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Online Master of Public Health program helps health systems administrator advance his career

Zachary Harris, Master of Public Health student with Oregon State Ecampus, stands in front of the Queen’s Physicians Office Building II in Honolulu, Hawaii.

Zach Harris is pursuing his third degree from Oregon State University. The first two – a bachelor’s in sociology and an MBA – he earned on campus in Corvallis. Now he’s learning 100% online.

Former OSU Beavers football player in key role for Hawaii’s largest private employer

By Becky Barrett
Dec. 3, 2019

Zach Harris can see himself working in the executive-level management of a health care system. He has already made Portland Business Journal’s 40 Under 40 list when he oversaw ambulatory operations for Doernbecher Children’s Hospital in Portland, Oregon.

Now, he’s an administrator in charge of ambulatory services at Queen’s Health Systems in Honolulu, Hawaii, the state’s largest private employer.

To make it to the C-suite, Harris is pursuing a Master of Public Health degree online from Oregon State University – the same university where he earned bachelor’s and master’s degrees that helped launch his career.

“I stayed with Oregon State because of the quality experiences I had and the education I’ve been able to use my entire life,” he says.

“I wanted to make sure that I got a high-quality experience instead of going fast and just pushing through a program. Oregon State has brand equity.”

Harris was accepted into six Master of Public Health programs. Oregon State Ecampus was his first choice because of the competitive cost and the program’s reputation. The online MPH is offered by OSU’s College of Public Health and Human Sciences, which was the first college of its kind in Oregon to be accredited by the Council on Education for Public Health.

“I wanted to make sure that I got a high-quality experience instead of going fast and just pushing through a program,” Harris says. “Oregon State has brand equity.”

He earned a bachelor’s degree in sociology from Oregon State in 2007 and an MBA in entrepreneurship from OSU’s College of Business, finance and management in 2010. After working in the health care field for 10 years, pursuing a second master’s degree has become the means to achieving his professional goals.

Oregon State’s online MPH degree gives students the skills, knowledge and credentials to be industry leaders.

“It is very evident that population and public health are key to the effective delivery of health care,” Harris says. “Being able to help a health system implement population health services will make me more marketable in the field.”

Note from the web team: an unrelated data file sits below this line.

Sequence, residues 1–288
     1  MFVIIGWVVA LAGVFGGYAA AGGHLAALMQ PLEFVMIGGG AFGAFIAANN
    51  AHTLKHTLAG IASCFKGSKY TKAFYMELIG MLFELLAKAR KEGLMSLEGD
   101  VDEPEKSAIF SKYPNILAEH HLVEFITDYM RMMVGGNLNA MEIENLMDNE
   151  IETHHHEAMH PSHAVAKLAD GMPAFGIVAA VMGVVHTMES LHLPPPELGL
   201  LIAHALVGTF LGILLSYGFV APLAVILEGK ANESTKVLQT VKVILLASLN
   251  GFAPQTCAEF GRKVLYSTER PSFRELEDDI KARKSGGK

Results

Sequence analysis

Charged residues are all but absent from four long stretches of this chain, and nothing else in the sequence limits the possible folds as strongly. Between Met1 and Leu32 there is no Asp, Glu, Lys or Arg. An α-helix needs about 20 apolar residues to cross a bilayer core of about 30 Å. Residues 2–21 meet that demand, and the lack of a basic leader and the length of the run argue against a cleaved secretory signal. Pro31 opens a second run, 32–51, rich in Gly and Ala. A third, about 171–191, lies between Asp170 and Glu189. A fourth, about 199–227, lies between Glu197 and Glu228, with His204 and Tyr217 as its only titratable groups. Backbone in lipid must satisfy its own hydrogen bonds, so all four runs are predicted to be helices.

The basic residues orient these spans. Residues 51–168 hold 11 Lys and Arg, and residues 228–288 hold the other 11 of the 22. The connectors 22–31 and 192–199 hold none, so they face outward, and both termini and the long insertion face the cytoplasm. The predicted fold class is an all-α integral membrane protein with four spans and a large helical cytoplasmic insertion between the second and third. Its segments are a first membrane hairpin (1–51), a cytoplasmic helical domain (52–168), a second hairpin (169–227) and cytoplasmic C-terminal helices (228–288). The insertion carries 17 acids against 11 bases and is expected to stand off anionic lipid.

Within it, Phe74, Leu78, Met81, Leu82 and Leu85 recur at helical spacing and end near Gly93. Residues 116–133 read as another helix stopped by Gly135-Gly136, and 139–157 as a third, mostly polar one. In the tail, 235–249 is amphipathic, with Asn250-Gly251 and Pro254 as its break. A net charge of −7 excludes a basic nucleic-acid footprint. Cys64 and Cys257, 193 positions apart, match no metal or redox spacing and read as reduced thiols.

Harris one of many Beavers athletes to tap into Ecampus

Many Oregon State student-athletes – present and past, like Harris – find great value in learning online with OSU Ecampus. Here are stories about others who did so while starring for the Beavers.
• Ruth Hamblin, women’s basketball
• Sydney Wiese, women’s basketball
• Dylan Wynn, football

He took his first Ecampus online class in 2005, when he was an offensive lineman for the Oregon State football team. Back then, Harris didn’t even own a computer and used one in a dorm lobby. Since then, there’s been a major shift in the delivery of education to online, and he has adapted with it.

He communicates with his instructors and classmates by email, text and phone, and he uses Oregon State’s online learning portal, Canvas, to constantly stay engaged. He has used video to participate in a class debate and interview the head of a nonprofit working on AIDS advocacy in Brazil.

“Technology is now second-nature,” he says. “Everything is happening online.”

Harris balances his work responsibilities, overseeing 200 employees and a $70 million budget, with his studies. Oregon State’s Master of Public Health program provides a great deal of personal support to students, with regular guidance from faculty, advisors and an internship coordinator.

To complete the degree’s internship requirement, Harris plans to create an evidence-based intervention at work through Queen’s Health Systems’ native Hawaiian health program.

While pursuing his second master’s degree, he has been able to continue the activities he enjoys, including spending time with his girlfriend and learning to surf and paddle board. He also enjoys the flexibility to complete his coursework in a part-time capacity without sacrificing his career.

Harris is on track to complete the 60-credit Master of Public Health program in spring 2021. The advice his father gave him is the same advice he shares with anyone considering career advancement by earning a master’s degree online.

“Don’t let it stress you out,” he says. “You get out of the program what you put into it.”

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